Ask any neighbor and they will say it is a joy to have Verna Taylor for a neighbor. She was born in Spring Lake, Utah and has lived in Payson, Springville and Salem. She comes from a family of nine chidren--three sisters and five brothers. She is 85 years old and has lived in Salem for 52 of those years. She married Kenneth Dunstan and had four children: Larry (Jackie), Portland, Oregon; Steve ([Eloise] Mike), Delta, Colorado; Connie (deceased); Brent (Diane) Spanish Fork.
She and Kenneth were divorced and she met and married Andy Taylor. He had three chilrden: Larry (Julie), Lehi; Vickie (Val) Newell, Santaquin; Jackie (Barry) Drage, Spanish Fork. They had three children together: Ron (Lisa) Capel, Texas; Roger (Julie), Baldwin, Kansas; Andrea (Earl) Stoneman, Lake Shore. She said it is kind of confusing with two Larrys and both about the same age. They never knew which one she was talking to. This makes six boys and four girls, 42 grandchildren, and 78 great grandchildren.
Andy was born here and grew up in Salem. He enlisted in the Navy at age fifteen during WWII and served for three years. Andy passed away several years ago at the age of 66.
When she married Andy he didn't believe in wives working so she was a stay-at-home mom. Andy worked at Geneva Steel to support their family.
Verna served as a Room Mother in school for her children. She is a member of The Church of Jesus Christ of Latter-day Saints and has served as Relief Society President, in the Young Women and as Primary President. She served as a temple worker for nine years and says it was a wonderful time.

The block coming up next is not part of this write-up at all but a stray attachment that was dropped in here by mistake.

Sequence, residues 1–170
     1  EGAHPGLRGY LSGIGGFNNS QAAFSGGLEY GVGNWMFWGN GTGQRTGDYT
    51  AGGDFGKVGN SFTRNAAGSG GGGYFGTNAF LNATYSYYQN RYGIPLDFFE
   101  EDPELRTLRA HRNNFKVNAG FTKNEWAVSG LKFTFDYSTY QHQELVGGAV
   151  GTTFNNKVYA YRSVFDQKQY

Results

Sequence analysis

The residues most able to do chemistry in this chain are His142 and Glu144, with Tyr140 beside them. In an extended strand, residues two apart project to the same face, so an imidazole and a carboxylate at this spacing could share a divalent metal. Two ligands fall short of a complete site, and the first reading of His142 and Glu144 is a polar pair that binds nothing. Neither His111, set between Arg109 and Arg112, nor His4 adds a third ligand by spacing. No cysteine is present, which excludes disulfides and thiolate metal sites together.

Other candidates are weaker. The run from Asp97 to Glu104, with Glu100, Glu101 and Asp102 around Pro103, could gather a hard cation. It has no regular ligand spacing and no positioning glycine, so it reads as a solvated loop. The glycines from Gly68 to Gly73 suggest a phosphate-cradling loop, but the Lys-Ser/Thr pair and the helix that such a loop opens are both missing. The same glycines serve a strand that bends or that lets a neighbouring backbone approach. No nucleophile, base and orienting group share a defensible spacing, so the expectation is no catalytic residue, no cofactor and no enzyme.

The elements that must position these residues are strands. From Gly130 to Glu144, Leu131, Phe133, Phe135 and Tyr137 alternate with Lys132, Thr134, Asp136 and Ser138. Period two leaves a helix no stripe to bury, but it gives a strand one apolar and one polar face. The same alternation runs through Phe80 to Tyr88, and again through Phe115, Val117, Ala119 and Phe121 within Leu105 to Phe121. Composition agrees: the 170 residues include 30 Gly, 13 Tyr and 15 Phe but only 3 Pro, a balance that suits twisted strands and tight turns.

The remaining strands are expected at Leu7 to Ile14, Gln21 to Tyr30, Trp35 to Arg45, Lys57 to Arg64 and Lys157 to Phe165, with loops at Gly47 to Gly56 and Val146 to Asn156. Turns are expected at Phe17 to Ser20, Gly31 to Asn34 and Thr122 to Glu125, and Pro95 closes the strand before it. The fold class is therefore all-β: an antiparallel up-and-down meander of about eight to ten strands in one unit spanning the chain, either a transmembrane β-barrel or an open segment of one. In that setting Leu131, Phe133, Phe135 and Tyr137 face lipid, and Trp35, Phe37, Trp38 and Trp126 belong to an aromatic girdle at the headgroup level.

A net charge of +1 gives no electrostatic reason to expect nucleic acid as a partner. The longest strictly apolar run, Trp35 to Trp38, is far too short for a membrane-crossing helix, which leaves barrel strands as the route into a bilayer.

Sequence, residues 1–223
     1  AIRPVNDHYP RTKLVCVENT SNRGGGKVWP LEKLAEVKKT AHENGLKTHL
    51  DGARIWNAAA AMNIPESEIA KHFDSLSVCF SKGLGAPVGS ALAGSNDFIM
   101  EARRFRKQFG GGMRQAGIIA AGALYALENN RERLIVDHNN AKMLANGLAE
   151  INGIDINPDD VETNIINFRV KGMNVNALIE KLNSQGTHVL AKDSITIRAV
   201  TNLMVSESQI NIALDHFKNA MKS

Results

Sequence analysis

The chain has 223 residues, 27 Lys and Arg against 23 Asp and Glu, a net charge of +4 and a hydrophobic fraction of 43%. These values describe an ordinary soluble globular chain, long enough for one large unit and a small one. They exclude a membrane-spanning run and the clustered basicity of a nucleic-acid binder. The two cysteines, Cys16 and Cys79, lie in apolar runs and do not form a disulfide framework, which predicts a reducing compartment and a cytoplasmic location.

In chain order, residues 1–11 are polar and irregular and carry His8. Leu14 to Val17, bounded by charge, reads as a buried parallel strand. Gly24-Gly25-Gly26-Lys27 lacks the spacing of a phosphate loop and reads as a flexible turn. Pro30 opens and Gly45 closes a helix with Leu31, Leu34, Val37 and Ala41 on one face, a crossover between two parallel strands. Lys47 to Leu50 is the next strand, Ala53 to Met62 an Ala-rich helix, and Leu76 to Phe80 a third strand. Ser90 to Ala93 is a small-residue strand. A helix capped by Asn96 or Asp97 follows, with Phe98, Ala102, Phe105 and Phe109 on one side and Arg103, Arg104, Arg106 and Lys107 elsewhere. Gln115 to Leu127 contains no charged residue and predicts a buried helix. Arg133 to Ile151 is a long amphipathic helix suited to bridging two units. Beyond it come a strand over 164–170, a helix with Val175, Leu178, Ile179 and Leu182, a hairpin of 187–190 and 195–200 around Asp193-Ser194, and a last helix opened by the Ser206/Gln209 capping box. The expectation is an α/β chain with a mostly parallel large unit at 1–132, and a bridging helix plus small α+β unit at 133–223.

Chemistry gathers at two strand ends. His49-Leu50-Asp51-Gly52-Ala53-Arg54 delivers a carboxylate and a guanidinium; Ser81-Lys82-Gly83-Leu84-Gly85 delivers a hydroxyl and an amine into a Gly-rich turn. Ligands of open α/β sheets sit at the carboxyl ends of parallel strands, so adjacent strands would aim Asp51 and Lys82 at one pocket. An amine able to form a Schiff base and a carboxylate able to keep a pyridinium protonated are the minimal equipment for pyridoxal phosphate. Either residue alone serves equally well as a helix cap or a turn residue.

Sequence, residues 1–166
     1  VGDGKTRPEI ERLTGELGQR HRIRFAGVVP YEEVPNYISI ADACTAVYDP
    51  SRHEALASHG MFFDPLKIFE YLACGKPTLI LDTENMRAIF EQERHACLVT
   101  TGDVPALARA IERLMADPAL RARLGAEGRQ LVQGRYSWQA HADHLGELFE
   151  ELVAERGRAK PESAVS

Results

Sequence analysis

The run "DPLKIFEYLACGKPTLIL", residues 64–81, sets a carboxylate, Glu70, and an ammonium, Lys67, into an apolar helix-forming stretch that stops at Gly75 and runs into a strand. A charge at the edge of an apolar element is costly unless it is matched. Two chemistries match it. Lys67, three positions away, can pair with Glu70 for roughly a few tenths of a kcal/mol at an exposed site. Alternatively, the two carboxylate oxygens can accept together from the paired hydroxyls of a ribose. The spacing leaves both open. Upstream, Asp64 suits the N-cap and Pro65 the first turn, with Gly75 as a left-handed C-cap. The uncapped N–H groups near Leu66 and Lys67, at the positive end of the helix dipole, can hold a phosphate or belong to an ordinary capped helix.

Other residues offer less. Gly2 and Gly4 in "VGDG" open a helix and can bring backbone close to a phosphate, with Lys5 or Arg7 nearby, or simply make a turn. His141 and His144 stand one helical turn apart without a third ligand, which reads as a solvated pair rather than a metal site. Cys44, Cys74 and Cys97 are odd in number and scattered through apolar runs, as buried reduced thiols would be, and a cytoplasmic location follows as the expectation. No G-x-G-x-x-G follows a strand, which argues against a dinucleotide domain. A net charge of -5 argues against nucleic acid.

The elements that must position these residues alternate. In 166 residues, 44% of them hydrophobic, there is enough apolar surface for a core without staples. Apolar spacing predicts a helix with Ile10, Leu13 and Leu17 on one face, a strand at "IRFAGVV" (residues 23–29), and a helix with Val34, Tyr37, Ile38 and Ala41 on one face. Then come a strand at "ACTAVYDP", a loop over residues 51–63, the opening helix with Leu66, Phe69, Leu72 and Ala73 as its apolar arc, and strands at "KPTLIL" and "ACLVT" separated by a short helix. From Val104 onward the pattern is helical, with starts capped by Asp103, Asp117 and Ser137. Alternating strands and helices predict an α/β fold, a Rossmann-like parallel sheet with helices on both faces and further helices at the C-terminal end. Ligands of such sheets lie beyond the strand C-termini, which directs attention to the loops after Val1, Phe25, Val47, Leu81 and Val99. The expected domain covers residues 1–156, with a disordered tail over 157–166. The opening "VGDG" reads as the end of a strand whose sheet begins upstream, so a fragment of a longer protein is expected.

She has been confined to a wheel chair for two years because of Multiple Sclerosis. This doesn't stop her from going out into her yard, pulling weeds and taking care of her garden. She has 40 rose bushes she takes care of. She loves flowers and working outside. One neighbor called her "the crazy old lady that crawls around on her lawn pulling weeds."
She has many talents. She does oil painting, ceramics, and makes porcelain dolls. She loves bottling because it stays done for a year and she can look at the filled bottles. As mentioned, she loves gardening. Her mother, through her patience, taught her to tat, which is a dying art. She loves to quilt and has made hundreds of quilts for people, including 42 full size quilts for every one of her grandchildren and a baby quilt for most of her great grandchildren. She used to like to read, but her eyes are getting bad so she can't do so much of it anymore. Along with tatting she likes to crochet and knit.
Tatting is becoming a lost Art
Winter is hard for her to find jobs to do because she can't get out into her yard. She has always been a hard worker. Verna doesn't care for aspargus but loves Chinese food, especially sweet and sour chicken and pork, and yes, anything chocolate.
Verna said our bodies adjust to our circumstances, It is just our minds that have to adjust. She is happy with life and enjoys it. She has had some bumpy roads in life but has met a lot of good people and has a wonderful family and good neighbors. She just loves Salem and loves waking up and seeing Mt. Loafer and its peacefulness. Salem has been a good place to raise her children. Speaking of being confined to a wheelchair she said, "If it's important to you, you find a way to do it."
Verna, you are an example for all of us.
From "Senior Spotlight", Salem City Newsletter, October 2014 - P 3.